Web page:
What is Escherichia Coli infection?
E. coli (Escherichia coli) is the name of a germ, or bacterium, that lives in the digestive tracts of humans and animals.
There are many types of E. coli, and most of them are harmless. But some can cause bloody diarrhea, severe anemia or kidney failure, which can lead to death.
Other strains of E. coli can cause urinary tract infections or other infections.
How common is Escherichia Coli infection?
Escherichia Coli infection is extremely common. It can affect patients at any age. It can be managed by reducing your risk factors. Please discuss with your doctor for further information.
What are the symptoms of Escherichia Coli infection?
The common symptoms of Escherichia Coli infection are:
- Diarrhea, which may range from mild and watery to severe and bloody
- Abdominal cramping, pain or tenderness
- Nausea and vomiting, in some people
There may be some symptoms not listed above. If you have any concerns about a symptom, please consult your doctor.
When should I see my doctor?
You should contact your doctor if you have any of the following: persistent, severe or bloody.
What causes Escherichia Coli infection?
Among the many strains of E. Coli, only a few trigger diarrhea. One group of E. Coli – which includes O157:H7 – produces a powerful toxin that damages the lining of the small intestine, which can cause bloody diarrhea. You develop an E. Coli infection when you ingest this strain of bacteria.
Unlike many other disease-causing bacteria, E. Coli can cause an infection even if you ingest only small amounts. Because of this, you can be sickened by E. Coli from eating a slightly undercooked hamburger or from swallowing a mouthful of contaminated pool water.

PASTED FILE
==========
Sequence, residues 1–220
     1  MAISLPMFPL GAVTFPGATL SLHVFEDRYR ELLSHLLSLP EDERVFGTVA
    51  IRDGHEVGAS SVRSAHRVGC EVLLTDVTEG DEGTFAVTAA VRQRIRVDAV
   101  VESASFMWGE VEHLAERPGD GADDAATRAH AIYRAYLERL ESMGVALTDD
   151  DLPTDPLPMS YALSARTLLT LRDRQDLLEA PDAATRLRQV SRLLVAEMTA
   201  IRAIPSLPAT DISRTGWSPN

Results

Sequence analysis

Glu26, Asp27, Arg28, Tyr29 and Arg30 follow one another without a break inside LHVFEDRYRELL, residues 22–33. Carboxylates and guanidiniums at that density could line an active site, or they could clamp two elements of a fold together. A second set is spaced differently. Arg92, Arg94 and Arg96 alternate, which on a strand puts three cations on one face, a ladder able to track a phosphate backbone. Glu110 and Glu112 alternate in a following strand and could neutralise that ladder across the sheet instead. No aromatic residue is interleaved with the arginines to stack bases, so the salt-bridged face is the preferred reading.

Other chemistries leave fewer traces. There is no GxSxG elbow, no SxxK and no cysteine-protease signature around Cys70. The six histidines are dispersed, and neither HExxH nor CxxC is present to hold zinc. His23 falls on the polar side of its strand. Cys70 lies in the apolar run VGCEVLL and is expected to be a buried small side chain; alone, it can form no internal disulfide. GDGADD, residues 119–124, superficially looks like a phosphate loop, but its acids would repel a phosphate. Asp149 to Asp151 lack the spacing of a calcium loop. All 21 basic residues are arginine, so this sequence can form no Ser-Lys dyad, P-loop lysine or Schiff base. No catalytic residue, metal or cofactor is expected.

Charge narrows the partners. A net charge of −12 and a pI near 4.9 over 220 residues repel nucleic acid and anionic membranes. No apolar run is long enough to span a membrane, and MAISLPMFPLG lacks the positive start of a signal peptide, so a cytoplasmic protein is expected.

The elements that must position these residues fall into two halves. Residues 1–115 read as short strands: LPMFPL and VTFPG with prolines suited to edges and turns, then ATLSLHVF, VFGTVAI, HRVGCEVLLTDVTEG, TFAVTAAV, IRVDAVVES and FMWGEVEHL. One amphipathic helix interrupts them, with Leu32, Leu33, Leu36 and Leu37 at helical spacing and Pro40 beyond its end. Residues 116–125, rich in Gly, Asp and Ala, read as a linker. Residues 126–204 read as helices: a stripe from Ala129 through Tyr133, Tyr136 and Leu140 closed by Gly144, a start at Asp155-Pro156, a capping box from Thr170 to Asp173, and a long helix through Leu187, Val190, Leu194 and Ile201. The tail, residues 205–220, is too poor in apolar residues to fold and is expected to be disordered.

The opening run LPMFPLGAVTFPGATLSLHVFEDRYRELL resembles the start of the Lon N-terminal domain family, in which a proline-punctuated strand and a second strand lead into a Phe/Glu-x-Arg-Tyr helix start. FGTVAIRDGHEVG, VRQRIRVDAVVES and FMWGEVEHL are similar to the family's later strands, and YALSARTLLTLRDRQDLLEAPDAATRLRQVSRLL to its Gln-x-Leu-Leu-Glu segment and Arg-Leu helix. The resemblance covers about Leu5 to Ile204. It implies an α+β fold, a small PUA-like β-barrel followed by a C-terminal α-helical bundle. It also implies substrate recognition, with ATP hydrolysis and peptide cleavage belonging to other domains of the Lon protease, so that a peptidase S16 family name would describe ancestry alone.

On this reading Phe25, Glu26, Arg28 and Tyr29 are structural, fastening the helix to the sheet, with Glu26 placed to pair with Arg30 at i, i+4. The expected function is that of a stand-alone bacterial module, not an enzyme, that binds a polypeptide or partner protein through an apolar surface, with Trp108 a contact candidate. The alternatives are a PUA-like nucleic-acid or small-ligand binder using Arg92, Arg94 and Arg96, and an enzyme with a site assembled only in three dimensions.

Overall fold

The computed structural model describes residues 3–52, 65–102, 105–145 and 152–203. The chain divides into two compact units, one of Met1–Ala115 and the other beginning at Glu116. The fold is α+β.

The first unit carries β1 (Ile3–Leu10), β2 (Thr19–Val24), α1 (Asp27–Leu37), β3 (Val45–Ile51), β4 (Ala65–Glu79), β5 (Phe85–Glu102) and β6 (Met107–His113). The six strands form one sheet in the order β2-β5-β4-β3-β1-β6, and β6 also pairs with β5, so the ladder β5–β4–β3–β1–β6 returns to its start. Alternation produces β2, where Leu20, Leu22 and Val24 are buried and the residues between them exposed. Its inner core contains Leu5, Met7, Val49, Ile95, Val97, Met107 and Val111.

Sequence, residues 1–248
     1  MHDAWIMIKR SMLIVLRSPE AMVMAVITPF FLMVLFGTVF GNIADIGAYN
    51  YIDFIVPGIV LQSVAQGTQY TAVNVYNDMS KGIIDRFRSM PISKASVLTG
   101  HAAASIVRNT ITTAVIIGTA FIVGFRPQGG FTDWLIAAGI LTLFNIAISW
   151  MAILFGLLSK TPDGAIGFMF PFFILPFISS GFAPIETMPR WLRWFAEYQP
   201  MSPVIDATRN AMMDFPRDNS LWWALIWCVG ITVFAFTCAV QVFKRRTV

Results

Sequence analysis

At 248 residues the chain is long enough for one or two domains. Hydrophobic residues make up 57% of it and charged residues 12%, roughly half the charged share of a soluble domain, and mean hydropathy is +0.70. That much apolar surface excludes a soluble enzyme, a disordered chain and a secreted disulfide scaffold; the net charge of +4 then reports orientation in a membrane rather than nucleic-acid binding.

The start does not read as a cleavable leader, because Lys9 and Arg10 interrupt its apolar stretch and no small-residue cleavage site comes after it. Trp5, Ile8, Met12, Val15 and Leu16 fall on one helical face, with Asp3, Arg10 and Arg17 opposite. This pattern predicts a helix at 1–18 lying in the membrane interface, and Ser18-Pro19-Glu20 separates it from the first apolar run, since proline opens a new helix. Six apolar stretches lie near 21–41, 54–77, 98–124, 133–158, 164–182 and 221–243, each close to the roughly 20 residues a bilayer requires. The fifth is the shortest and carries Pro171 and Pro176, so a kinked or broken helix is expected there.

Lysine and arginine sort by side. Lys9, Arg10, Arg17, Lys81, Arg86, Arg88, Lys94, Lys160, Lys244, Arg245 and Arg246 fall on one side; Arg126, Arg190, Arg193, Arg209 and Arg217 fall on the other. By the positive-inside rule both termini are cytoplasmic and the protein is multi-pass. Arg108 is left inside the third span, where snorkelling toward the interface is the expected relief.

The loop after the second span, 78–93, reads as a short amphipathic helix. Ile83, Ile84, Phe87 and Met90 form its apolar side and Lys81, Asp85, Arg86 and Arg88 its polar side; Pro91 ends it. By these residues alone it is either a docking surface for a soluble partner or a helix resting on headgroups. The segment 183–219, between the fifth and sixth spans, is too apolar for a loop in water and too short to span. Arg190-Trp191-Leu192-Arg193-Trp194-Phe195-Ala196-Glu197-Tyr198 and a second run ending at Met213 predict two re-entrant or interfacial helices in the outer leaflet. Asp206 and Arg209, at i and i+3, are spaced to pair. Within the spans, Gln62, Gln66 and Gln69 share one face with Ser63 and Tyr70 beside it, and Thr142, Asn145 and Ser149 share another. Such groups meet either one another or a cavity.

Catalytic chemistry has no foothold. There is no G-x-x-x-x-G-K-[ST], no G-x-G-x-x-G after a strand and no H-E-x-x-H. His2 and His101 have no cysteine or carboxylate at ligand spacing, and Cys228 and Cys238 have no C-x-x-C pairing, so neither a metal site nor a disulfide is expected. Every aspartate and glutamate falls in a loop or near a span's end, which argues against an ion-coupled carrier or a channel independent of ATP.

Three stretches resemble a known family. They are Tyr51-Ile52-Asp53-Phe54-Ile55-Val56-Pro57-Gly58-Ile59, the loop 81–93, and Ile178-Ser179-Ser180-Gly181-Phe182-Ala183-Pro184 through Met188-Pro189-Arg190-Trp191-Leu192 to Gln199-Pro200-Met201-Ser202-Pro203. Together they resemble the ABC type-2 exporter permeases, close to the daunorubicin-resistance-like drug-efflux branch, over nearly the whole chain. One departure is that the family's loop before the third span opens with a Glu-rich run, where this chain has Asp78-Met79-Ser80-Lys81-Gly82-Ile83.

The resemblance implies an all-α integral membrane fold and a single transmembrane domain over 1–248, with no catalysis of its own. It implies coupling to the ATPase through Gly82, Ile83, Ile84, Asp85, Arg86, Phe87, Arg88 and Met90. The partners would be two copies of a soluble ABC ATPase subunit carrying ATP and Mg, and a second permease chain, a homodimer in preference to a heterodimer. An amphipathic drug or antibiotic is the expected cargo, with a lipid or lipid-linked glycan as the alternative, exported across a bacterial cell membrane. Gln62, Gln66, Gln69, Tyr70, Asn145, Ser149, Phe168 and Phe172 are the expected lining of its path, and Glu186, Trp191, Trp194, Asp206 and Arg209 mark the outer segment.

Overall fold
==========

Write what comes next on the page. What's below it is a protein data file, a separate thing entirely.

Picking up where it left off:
Potential sources of exposure include contaminated food or water and person-to-person contact.
The most common way to acquire an E. Coli infection is by eating contaminated food, such as:
- Ground beef. When cattle are slaughtered and processed, E. Coli bacteria in their intestines can get on the meat. Ground beef combines meat from many different animals, increasing the risk of contamination.
- Unpasteurized milk. E. Coli bacteria on a cow’s udder or on milking equipment can get into raw milk.
- Fresh produce. Runoff from cattle farms can contaminate fields where fresh produce is grown. Certain vegetables, such as spinach and lettuce, are particularly vulnerable to this type of contamination.
Human and animal feces may pollute ground and surface water, including streams, rivers, lakes and water used to irrigate crops. Although public water systems use chlorine, ultraviolet light or ozone to kill E. Coli, some outbreaks have been linked to contaminated municipal water supplies.
Private wells are a greater cause for concern because they don’t often have any disinfecting system. Rural water supplies are the most likely to be contaminated. Some people also have been infected after swimming in pools or lakes contaminated with feces.
E. Coli bacteria can easily travel from person to person, especially when infected adults and children don’t wash their hands properly. Family members of young children with E. Coli infection are especially likely to acquire it themselves. Outbreaks have also occurred among children visiting petting zoos and in animal barns at county fairs.